Ravi Giberson, 11, is one of the Philadelphia students in the CIMT program. At the end of the school year, he faced the prospect of no longer being able to receive musical instruction at school because of the drastic budget cuts this year in the Philadelphia public school district.
The Philadelphia Federation of Teachers (PFT) welcomed, but prompted more action from the School Reform Commission (SRC) after it announced last week that it would be recalling hundreds of teachers in the School District of Philadelphia (SDP) that were laid off over the summer.
President of the PFT Jerry Jordan issued the following statement Monday morning:
"This a welcome, much needed first step toward restoring programs and services for our school children, but it doesn't go nearly far enough. The PFT will continue to fight to bring back the over 3,000 school employees that were laid off due to Harrisburg's failure to adequately fund public education," the statement said. "Our children deserve fully funded and properly staffed public schools. It would be immoral to open our schools in September with such a lack of programs and services."
On Friday, a special meeting of the SRC revealed that the District intends to use $33 million in confirmed funds to rehire 220 secretaries, one for each school, and 66 music instructors, thereby completely restoring the Class Itinerant Music Teachers (CIMT) program that was sacked by layoffs earlier this summer.
“We will be using $33 million, which we are confident that we will have access to, and we will be using it to bring some programs and personnel back that are crucial for us to get ready for school and to be able to have a school culture that is important for our students,” Gallard said.
The CIMT program delivers small, group music instruction to roughly 10,000 students throughout the city. Current funds will support the return of those music instructors and secretaries until Jan. 2014.
Trinette Giberson’s son Ravi received music instruction through the CIMT program at Cook-Wissahickon Elementary School last year. Giberson said she’s thrilled to hear that the program will be funded through January, but she worries about what will happen after that time.
“I think that it’s good news that we get the program back until January. I’m kind of blown away,” she said. “I was hoping they would be able to find the money from somewhere, even if it’s only through January. I mean its great news but it just kind goes to show the sad state that we’re in. It’s a double edged sword. It’s very good news, but they obviously still have more work to do.”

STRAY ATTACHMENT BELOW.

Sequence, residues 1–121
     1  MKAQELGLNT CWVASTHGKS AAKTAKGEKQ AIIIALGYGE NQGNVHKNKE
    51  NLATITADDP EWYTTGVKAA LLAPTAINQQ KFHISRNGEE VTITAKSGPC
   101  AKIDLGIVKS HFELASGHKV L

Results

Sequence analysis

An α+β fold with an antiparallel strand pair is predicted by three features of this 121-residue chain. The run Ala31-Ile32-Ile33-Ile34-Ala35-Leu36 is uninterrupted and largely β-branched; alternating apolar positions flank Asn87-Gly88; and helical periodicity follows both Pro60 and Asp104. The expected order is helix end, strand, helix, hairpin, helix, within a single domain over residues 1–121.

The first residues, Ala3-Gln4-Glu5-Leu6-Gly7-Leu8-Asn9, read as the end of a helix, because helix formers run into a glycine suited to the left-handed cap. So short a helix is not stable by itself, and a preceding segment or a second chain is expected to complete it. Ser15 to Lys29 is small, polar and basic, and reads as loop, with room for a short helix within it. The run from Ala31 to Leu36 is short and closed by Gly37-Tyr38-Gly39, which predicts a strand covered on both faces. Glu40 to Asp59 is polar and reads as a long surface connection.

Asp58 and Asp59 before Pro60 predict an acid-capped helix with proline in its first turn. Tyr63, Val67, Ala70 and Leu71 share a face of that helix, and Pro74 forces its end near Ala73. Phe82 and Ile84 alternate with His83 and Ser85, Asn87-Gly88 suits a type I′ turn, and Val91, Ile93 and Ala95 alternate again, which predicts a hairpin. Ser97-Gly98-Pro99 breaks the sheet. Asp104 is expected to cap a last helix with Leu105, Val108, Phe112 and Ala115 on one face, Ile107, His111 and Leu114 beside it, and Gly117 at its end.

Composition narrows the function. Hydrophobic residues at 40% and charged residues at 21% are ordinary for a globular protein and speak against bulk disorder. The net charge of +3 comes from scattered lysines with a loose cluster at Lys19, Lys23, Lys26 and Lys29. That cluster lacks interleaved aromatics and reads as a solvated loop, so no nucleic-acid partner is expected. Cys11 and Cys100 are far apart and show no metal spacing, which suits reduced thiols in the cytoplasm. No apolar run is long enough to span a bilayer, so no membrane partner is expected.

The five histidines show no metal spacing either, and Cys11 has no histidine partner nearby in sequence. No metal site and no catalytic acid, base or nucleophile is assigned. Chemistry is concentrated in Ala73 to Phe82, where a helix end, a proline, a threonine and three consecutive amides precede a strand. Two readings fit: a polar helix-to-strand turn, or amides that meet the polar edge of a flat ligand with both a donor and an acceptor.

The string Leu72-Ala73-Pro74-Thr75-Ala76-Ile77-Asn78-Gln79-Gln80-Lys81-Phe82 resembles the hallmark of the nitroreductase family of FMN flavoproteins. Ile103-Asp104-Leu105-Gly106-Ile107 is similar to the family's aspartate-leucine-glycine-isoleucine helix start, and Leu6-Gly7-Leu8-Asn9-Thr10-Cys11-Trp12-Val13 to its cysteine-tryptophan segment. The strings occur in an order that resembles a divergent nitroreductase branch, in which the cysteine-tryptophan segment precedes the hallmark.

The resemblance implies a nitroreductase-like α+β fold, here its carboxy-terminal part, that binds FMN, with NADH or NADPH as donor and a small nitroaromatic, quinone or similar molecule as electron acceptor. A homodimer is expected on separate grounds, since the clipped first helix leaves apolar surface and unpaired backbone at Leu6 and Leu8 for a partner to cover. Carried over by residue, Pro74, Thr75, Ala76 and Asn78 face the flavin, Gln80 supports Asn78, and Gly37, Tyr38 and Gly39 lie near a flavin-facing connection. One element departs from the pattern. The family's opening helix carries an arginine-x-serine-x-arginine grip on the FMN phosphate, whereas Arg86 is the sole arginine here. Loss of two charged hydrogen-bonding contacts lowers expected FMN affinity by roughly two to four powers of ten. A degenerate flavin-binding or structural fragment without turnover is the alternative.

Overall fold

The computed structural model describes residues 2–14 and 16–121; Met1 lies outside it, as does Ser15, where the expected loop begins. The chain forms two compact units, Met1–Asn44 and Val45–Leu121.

According to district personnel records obtained by NBC10.com, 290 school secretaries were among the 3,000+ employees to be laid off by the district earlier this summer. That number includes 40 bilingual secretaries. Base salaries for school district secretaries ranged from $19,387 to $60,118. The bulk of these employees were hired prior to 2000 with some having been with the district since the 1980s; one employee started in 1976.
The $33 million will also restore several sports programs, including the return of coaches, referees, and the purchase of new equipment. Monies would allow these programs to be funded through the end of December.
In addition, the District plans to use remaining monies to implement charter-run turnaround programs as part of the Renaissance Schools Initiative in three elementary schools, James Alcorn Elementary, Kenderton Elementary, and Francis D. Pastorius Elementary.
Gallard says the District will make assessments on how to best apply additional monies as they come in.
“This is what we plan to do with the funds that we’re confident we’ll have access to at this time. We’ll identify more steps, going forward and as more money comes in, we hope to fund those positions further.”